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Authors: A.D. Justice

Intent

BOOK: Intent
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Intent
A. D. Justice

I
NTENT
.

Copyright © 2016 A.D. Justice.

All rights reserved. No part of this book may be reproduced, resold, or transmitted in any form without written permission from the publisher, except by a reviewer who may quote brief passages for review purposes.

T
his is a work of fiction
. Names, characters, places, and incidents are a product of the author’s imagination. If the location is an actual place, all details of said place are used fictitiously, and any resemblance to businesses, landmarks, living or dead people, and events is purely coincidental.

The unauthorized reproduction or distribution of a copyrighted work is illegal. Criminal copyright infringement, including infringement without monetary gain, is investigated by the FBI and is punishable by up to five years in federal prison and a fine of $250,000.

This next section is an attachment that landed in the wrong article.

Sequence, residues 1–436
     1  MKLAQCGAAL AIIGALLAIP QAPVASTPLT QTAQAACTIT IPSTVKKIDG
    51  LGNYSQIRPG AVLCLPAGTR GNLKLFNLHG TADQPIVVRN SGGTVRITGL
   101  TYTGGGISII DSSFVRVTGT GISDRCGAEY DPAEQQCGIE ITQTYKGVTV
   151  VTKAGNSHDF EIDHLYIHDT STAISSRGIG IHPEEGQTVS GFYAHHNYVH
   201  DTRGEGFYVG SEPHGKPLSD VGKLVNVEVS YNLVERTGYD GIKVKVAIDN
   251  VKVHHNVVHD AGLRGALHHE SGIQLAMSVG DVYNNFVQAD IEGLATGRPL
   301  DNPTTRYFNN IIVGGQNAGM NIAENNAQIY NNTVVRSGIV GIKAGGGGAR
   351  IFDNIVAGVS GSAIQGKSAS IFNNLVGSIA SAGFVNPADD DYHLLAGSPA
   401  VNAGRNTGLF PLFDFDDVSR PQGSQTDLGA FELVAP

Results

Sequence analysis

A
ll copyrights are held
by A.D. Justice and have not been transferred to any other individual. Sharing or posting of this material in any group is considered copyright infringement and
will be
reported to the authorities. Criminal and civil charges will be pursued for damages.

P
hotographer
: Eric David Battershell

Model: Matt Zumwalt

Cover Designer: Sofie Hartley, Luminos Graphic House

ISBN: 978-0-9966576-2-4

Books By A.D. Justice

S
teele Security Series

Wicked Games (Book 1)

Wicked Ties (Book 2)

Wicked Nights (Book 3)

Wicked Intentions (Book 4, Date TBD)

Wicked Shadows (Book 5, Date TBD)

T
he Crazy Series

Crazy Maybe (Book 1)

Crazy Baby (Book 2)

Crazy Love (Book 3, Date TBD)

Crazy Over You (Book 4, Date TBD)

Drive Me Crazy (Book 5, Date TBD)

D
ominic Powers Series

Her Dom (Book 1)

Her Dom’s Lesson (Book 2)

S
tand-alones

Completely Captivated (Stand-alone, Date TBD)

Just One Summer (Stand-alone Novella, August 2015)

Acknowledgments

F
irst and foremost